Rather than bringing a cure for cancer to the President like any new ambassador bringing a token of his country’s esteem, the saucer people in Earth vs. the Flying Saucers bring death rays, destruction, and, ultimately, all-out war. All of this—most particularly the destruction of Washington, D.C.—was rendered with marvelous reality by the special effects work of Ray Harryhausen, a fellow who used to go to the movies with a chum named Ray Bradbury when he was a kid.
Klaatu comes to extend the hand of friendship and brotherhood. He offers the people of Earth membership in a kind of interstellar United Nations—always provided we can put our unfortunate habit of killing each other by the millions behind us. The saucerians of Earth vs. the Flying Saucers come only to conquer, the last armada of a dying planet, old and greedy, seeking not peace but plunder.
The Day the Earth Stood Still is one of a select handful—the real science fiction movies. The ancient saucerians of Earth vs. the Flying Saucers are emissaries of a much more common breed of film—the horror-show. No nonsense about “It was to be a gift for your President” here; these folks simply descend upon Hugh Marlowe’s Operation Skyhook at Cape Canaveral and begin kicking ass.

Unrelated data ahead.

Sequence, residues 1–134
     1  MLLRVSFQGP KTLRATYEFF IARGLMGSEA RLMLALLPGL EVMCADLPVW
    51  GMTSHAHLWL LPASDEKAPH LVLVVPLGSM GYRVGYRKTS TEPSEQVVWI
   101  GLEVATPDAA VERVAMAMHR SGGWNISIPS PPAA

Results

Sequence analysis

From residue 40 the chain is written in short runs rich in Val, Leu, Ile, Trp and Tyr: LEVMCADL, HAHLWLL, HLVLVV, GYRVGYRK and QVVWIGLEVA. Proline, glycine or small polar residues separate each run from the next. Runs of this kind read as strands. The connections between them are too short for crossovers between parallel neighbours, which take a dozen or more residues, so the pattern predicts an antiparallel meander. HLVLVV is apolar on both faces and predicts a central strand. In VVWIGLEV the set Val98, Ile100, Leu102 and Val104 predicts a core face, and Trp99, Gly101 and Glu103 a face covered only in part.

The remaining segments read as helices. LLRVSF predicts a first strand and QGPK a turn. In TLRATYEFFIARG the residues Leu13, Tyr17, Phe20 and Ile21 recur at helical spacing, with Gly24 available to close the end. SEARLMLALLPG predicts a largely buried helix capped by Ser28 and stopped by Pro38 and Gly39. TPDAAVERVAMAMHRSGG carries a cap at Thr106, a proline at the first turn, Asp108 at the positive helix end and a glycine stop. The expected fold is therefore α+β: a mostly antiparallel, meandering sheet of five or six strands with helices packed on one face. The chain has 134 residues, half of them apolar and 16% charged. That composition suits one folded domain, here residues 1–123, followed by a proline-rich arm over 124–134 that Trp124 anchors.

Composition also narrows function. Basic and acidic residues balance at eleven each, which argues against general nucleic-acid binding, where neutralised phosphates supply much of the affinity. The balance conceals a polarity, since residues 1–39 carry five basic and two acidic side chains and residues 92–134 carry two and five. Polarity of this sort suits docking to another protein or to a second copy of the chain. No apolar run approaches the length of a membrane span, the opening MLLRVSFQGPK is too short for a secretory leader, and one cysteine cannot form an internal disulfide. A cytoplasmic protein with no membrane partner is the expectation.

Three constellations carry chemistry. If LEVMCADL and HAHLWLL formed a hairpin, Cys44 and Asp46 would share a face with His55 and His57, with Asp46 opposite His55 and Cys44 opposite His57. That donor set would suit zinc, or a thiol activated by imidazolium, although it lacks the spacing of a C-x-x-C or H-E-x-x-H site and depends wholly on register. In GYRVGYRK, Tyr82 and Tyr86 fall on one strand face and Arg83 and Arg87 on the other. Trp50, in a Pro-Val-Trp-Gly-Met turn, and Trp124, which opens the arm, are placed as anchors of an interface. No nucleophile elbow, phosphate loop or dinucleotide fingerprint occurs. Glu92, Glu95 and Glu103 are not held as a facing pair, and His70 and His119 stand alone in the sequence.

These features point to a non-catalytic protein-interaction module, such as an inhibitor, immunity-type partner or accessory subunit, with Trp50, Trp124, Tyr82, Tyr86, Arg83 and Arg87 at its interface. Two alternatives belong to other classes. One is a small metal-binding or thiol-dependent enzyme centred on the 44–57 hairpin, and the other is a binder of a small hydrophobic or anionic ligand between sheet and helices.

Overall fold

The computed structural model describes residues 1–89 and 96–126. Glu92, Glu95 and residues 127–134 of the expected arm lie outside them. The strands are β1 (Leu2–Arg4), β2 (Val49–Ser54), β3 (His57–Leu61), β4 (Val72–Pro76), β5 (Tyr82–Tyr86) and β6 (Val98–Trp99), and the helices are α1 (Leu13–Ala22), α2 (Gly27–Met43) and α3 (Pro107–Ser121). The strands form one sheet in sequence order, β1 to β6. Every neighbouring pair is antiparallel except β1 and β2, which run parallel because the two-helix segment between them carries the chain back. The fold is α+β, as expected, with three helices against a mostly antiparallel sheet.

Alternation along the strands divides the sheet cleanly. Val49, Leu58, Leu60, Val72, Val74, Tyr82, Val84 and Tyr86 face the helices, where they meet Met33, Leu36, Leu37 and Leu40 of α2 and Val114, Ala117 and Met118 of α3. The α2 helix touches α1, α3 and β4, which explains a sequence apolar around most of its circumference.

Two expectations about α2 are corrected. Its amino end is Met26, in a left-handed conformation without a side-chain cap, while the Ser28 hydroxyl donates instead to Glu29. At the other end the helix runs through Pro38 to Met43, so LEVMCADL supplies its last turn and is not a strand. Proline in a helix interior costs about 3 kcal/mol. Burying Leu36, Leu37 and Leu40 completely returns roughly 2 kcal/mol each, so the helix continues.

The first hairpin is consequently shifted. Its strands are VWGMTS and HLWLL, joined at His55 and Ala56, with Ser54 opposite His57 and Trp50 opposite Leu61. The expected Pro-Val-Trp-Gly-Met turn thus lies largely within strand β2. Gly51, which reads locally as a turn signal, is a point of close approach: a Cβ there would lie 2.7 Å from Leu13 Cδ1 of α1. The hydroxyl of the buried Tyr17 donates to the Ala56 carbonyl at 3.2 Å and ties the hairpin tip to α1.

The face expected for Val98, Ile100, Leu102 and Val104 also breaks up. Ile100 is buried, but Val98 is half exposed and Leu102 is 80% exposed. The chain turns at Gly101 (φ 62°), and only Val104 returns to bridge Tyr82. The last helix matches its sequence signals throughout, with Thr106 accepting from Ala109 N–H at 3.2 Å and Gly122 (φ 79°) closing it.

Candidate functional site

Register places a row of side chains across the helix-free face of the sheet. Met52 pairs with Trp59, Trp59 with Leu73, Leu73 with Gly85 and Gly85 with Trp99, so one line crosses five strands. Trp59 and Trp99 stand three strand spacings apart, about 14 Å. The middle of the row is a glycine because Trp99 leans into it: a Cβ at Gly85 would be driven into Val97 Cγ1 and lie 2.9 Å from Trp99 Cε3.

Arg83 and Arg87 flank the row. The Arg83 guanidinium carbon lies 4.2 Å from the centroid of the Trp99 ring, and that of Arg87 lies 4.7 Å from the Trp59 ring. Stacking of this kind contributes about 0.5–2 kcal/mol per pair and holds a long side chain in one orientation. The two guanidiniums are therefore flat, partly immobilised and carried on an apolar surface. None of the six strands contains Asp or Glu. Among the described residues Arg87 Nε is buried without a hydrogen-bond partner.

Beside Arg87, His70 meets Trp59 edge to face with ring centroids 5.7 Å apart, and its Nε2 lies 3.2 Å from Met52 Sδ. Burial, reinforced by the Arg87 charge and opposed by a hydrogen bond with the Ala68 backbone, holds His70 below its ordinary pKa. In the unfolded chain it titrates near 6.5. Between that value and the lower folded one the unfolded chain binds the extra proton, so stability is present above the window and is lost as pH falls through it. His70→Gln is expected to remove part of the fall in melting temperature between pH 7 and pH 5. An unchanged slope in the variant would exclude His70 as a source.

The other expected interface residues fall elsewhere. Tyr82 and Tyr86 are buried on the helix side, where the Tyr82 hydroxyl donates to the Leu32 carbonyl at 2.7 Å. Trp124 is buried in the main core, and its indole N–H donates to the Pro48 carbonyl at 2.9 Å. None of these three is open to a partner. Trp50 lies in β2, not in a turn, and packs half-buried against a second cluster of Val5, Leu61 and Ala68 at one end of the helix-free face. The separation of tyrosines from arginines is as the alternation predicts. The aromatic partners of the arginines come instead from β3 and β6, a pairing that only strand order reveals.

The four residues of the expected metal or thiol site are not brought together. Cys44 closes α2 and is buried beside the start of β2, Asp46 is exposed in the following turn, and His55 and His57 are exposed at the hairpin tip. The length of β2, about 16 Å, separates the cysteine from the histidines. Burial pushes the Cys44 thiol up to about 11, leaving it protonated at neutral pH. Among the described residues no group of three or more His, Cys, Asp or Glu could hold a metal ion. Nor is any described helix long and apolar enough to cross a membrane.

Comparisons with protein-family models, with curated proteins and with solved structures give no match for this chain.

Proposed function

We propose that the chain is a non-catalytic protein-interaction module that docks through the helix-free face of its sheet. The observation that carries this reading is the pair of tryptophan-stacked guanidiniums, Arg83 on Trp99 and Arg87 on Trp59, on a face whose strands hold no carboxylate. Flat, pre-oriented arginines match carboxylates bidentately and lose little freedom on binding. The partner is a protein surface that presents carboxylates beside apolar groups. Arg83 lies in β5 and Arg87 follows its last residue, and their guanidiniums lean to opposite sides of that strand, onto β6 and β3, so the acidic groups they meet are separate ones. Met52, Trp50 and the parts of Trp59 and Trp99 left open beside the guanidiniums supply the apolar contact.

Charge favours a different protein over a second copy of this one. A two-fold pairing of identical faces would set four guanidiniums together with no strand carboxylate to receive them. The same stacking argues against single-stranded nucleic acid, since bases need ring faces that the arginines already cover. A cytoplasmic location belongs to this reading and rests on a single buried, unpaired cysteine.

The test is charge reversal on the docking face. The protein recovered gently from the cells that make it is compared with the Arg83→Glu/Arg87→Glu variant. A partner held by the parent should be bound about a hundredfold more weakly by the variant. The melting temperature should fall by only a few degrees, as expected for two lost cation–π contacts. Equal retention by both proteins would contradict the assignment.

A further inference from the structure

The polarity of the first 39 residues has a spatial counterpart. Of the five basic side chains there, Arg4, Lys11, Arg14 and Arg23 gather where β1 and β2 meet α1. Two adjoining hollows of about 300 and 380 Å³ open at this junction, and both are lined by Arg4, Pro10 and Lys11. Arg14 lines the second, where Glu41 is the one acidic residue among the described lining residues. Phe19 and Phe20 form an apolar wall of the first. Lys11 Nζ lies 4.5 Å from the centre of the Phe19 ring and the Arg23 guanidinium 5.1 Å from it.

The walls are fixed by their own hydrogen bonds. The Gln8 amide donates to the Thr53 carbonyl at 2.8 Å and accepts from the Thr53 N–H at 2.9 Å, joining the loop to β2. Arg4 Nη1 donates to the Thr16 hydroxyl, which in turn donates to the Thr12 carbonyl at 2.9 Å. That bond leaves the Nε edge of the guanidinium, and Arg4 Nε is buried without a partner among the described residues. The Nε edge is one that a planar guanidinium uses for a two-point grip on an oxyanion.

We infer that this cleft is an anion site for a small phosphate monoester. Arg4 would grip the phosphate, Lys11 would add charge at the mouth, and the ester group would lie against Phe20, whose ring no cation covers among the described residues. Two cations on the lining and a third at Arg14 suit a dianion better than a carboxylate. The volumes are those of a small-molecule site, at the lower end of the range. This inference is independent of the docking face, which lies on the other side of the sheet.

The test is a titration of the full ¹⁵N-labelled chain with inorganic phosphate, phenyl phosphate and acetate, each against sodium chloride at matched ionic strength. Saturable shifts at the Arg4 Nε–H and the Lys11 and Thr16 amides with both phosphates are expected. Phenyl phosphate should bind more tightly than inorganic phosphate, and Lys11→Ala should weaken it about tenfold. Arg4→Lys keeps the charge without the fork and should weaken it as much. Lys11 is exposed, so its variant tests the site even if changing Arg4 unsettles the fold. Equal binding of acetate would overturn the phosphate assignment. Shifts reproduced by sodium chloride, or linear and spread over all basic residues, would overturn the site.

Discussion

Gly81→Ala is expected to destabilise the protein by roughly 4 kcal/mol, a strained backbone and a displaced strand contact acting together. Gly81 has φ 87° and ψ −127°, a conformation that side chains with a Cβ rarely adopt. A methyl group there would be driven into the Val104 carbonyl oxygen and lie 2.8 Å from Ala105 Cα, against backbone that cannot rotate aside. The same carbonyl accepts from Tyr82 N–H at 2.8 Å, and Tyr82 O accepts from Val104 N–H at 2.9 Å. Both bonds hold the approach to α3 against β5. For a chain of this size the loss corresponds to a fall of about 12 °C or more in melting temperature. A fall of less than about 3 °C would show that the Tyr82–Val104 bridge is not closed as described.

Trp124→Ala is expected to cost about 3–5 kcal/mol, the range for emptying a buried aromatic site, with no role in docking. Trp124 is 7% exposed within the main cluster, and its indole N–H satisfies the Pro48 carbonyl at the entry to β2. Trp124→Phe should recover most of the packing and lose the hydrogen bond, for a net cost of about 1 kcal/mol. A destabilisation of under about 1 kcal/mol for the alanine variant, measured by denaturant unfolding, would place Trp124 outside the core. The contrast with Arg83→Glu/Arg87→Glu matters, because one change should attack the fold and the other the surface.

It is in the space between these two philosophies that the terror was seeded, I think. If there is a line of force between such neatly opposing ideas, then the terror almost certainly grew there.
Because, just as the saucers were mounting their attack on Our Nation’s Capital in the movie’s final reel, everything just stopped. The screen went black. The theater was full of kids, but there was remarkably little disturbance. If you think back to the Saturday matinees of your misspent youth, you may recall that a bunch of kids at the movies has any number of ways of expressing its pique at the interruption of the film or its overdue commencement—rhythmic clapping; that great childhood tribal chant of “We-want-the-show! We-want-the-show! We-want-the-show!”; candy boxes that fly at the screen; popcorn boxes that become bugles. If some kid has had a Black Cat firecracker in his pocket since the last Fourth of July, he will take this opportunity to remove it, pass it around to his friends for their approval and admiration, and then light it and toss it over the balcony.